The technology expert said one deleted text also "looks like they were selling a gun."

O'Mara alleged that lead prosecutor Bernie de la Rionda lied when he said during a previous hearing that all information from the phone had been submitted. De la Rionda denied that claim and said the defense was invited to be present when the phone was being examined and processed.

The back-and-forth between the attorneys produced the day's most heated exchange, when defense attorney Don West became agitated while testifying and raised his voice, telling de la Rionda that "we caught you hiding the information!"

Nelson apparently was also agitated and cut O'Mara off as he was calling de la Rionda to the stand. She ruled at that time that the court will handle the discovery violation hearing after the trial, dealing another setback to the defense.

The court then moved to perhaps the hearing's most critical issue, regarding whether the technology used to analyze the voices on the 911 calls from the night of the shooting will be admissible. The technology may be key to the prosecution's case because their experts' testimony may be able to shed light on what was said between Zimmerman and Martin moments before the teenager was shot.

The law states that for technology to be admissible, it must be "generally accepted" in that particular field. Court documents indicate Zimmerman's attorneys will likely argue that the voice analysis technology does not meet the threshold of "generally accepted."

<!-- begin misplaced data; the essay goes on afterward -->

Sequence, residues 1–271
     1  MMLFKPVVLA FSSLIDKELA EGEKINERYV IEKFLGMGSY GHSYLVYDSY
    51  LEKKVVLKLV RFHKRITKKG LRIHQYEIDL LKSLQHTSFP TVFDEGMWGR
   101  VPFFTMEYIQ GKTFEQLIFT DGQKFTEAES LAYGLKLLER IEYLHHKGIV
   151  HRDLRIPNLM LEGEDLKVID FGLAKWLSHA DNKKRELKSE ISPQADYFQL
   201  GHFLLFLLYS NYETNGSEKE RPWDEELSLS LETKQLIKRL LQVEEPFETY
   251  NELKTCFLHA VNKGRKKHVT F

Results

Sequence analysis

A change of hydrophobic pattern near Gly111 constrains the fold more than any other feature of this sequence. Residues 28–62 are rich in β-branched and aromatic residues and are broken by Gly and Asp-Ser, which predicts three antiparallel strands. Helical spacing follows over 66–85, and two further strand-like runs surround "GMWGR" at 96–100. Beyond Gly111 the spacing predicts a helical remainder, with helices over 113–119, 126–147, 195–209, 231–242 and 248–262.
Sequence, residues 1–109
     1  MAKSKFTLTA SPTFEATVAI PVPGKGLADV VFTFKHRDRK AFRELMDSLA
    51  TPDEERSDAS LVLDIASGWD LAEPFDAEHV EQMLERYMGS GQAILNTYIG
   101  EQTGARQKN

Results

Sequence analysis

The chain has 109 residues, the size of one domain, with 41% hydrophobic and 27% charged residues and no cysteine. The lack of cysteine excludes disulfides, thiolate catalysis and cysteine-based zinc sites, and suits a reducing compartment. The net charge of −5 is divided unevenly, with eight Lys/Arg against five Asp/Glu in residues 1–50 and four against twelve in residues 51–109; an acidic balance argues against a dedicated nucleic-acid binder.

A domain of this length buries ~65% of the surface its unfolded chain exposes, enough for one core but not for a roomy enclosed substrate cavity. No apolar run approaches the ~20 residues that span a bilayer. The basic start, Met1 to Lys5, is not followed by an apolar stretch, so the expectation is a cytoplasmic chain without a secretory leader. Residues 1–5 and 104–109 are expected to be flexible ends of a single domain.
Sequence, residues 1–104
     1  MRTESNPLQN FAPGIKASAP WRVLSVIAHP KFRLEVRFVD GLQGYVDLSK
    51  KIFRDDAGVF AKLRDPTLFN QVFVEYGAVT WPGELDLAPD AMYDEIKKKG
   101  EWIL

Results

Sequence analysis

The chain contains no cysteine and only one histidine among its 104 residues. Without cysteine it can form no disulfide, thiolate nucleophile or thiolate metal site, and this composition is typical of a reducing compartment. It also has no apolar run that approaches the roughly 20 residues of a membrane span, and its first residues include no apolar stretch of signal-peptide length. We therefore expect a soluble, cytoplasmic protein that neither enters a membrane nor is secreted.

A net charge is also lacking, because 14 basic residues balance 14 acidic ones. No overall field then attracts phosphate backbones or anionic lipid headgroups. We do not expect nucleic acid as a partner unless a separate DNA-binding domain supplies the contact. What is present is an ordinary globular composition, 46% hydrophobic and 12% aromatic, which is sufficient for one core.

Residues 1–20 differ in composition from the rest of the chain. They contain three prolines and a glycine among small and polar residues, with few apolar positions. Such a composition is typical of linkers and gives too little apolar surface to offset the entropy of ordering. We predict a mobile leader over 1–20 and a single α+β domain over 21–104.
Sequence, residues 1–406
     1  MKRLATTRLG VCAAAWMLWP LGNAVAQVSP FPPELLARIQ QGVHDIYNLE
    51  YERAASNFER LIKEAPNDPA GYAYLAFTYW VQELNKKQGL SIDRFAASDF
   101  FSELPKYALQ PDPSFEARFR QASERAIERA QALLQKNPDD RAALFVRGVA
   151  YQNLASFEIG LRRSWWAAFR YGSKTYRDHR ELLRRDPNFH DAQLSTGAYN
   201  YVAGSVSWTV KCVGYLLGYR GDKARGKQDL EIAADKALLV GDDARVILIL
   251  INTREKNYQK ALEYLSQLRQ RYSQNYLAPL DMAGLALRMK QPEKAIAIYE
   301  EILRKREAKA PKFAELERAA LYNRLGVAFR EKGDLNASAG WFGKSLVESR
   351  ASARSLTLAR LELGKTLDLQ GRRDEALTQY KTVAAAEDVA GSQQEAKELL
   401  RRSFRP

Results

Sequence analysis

Defense expert Dr. Hirotaka Nakasone, an audio engineer for the FBI, expressed his doubts about using the recordings during his testimony. "A screaming voice is too far for us to address," said Nakasone. "It might mislead in the worst case."

In a statement released Thursday by Martin family attorney Ben Crump, Trayvon's family said,"It is ridiculous for the Zimmerman defense team to argue that expert voice analysts should not be permitted to testify at the trial. ... Expert voice analysis is necessary to assist in identifying the voices on the 911 tape."

However, court recessed for the day with Nakasone still on the stand. The crucial audio issue remains unresolved and will be addressed when the hearing continues Friday morning.

At that time, it is also possible the court will hear another key defense motion, on whether to ban the use of certain words and phrases in describing their client. Those words, which they fear may influence jurors, include "racist" and "vigilante."